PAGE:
Food, not Junk!

How to Properly Feed Your Rabbits

What do they eat?
First of all, these are the don’t-do’s: treats offered in pet stores! Yogurt drops, alfalfa cookies and all that contain way too much sugar and oat, and make the bunnies sick and obese. Never give them chocolate or yogurt drops. They don’t have the necessary enzymes to break down the lactose.
Grass/Hay
The most natural foods for bunnies are grass and hay. If you’re certain that your lawn is not fertilized and no raccoons visit it in the night, then you may offer your bunnies (after getting them used to it over a couple of weeks) lots of grass.
Because grass usually cannot be offered throughout the year, the alternative is hay. This should be limitlessly offered at all times. Because bunnies have a digestive system that requires them to eat constantly, it is very important to offer them lots of fiber and less calories.
It is still very common in the U.S. to feed your bunnies pellets. No rabbit vet in Europe would recommend that anymore. Bunnies need to wear their teeth off. Pellets do not help with this so there is a vast number of bunnies that need their teeth clipped every couple of months. This can be avoided by not feeding pellets at all!
Remember, there are no pellets in nature.

orange bunny

When you offer two or three different kinds of hay, veggies & herbs, and apple or hazelnut twigs - what should they need pellets for? A lot of bunnies become obese due to pellets; even cases of choking to death have been reported. Pellets lead to G.I. stasis… if not sooner, then later. There may be “healthy” pellets out there but they are expensive and unnecessary. When you offer a wide variety of food there is no need to feed them pellets.

Fresh Food

Bunnies should get fresh veggies at least once a day.

About 3.5 oz per pound is the right amount (although it’s hard to put a rule on this).

Veggies daily - Fruits only as treats!
These are what they love, and they’re healthy:
Fennel, carrots (with the green tops), celery, parsley root, parsnip, cucumber, different kinds of salads, belgian endives, apples, sunchoke, as well as all common herbs: parsley, cilantro, dill and basil.
Carrots are widely considered treats in the U.S., but they’re more than that and full of vitamins. In a pellet-free diet, a daily piece of carrot is absolutely fine.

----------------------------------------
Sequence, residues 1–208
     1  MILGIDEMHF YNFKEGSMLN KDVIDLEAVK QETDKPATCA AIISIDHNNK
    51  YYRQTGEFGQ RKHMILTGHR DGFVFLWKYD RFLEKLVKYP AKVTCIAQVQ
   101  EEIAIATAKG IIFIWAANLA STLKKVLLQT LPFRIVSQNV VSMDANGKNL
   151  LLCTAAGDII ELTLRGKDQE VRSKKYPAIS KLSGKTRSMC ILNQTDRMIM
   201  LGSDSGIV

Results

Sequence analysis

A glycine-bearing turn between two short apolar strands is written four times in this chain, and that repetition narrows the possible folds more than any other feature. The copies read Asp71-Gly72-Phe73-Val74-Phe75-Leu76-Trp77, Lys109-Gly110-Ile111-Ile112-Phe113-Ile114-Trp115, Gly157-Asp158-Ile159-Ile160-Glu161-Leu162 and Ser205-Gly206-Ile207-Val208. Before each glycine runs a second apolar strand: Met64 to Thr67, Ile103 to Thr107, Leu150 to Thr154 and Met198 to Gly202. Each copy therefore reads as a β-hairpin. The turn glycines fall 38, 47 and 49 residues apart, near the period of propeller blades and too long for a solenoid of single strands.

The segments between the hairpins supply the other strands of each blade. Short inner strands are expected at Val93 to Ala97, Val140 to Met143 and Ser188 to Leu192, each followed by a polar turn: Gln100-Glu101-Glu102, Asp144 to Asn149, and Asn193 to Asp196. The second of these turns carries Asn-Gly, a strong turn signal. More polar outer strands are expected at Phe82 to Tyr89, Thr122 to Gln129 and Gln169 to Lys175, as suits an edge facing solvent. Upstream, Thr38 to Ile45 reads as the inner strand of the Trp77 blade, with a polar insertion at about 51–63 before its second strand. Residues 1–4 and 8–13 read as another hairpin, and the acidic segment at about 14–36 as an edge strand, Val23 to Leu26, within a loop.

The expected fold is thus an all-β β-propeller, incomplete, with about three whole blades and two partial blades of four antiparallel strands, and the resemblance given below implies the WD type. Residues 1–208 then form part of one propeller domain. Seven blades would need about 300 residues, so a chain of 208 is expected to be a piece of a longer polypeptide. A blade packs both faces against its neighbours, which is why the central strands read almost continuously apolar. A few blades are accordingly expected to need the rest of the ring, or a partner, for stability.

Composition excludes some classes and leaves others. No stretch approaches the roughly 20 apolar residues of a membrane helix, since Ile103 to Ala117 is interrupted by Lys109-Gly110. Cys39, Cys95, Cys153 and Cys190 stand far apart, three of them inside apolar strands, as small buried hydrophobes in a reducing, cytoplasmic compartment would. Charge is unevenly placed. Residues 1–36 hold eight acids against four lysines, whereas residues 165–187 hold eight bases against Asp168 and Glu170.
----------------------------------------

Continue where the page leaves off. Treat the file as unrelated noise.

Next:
Bunnies also like kohlrabi (which is rather uncommon in the supermarkets here), chinese cabbage, green cabbage, fresh corn with leaves; broccoli should only be fed in small amounts.
Other vegetables such as onions, avocados and potatoes are not suitable.

bunny bag

Green Veggies
Green veggies should also always be fed. “Green veggies” means all green plants like:
• Dandelions
• Chamomile
• Parsley
• Dill
• Stinging Nettles (dried)
• Plantain

bunny1 eating flower

Flowers and Herbs

They love flowers such as Sunflowers, Calendulas/Marigolds, and Daisies.

They also enjoy herbs and leaves of carrots, fennel, kohlrabi, as well as strawberry leaves.

Pellets and Compound Feeds

Pregnant, sick, or baby bunnies may receive about a 1/2 teaspoon of pellets per pound, per day.

The important thing to remember is not to buy just some colorful mixture from the pet store. Pellets should NEVER contain oats, wheat, bran, corn, or sugar.

Twigs & Branches
Bunnies should be fed twigs and branches to enable them to wear off their incisors - especially branches from pesticide-free trees: apple trees, hazelnut bushes, pear trees, birch (not too much), alders, willow, currant, and blueberry; some forms of fir can also be fed. But remember: everything must be free of pesticides!
Thuja and yew tree are poisonous!

bunny1 twig

Water

Fresh water must always be available to the bunnies in a non-dripping bottle or in a heavy bowl (which is actually more natural because they do not have to bend their heads; they will drink much more and be healthier).

Additional vitamins, salt blocks or chalk are not necessary. On the contrary, they can lead to kidney problems.

Bunnies do not do well with sudden changes in their diet. So whatever new food you’re trying, start slowly and in small amounts.

Want more information?

See our reference of professional articles by German bunny vets and professors!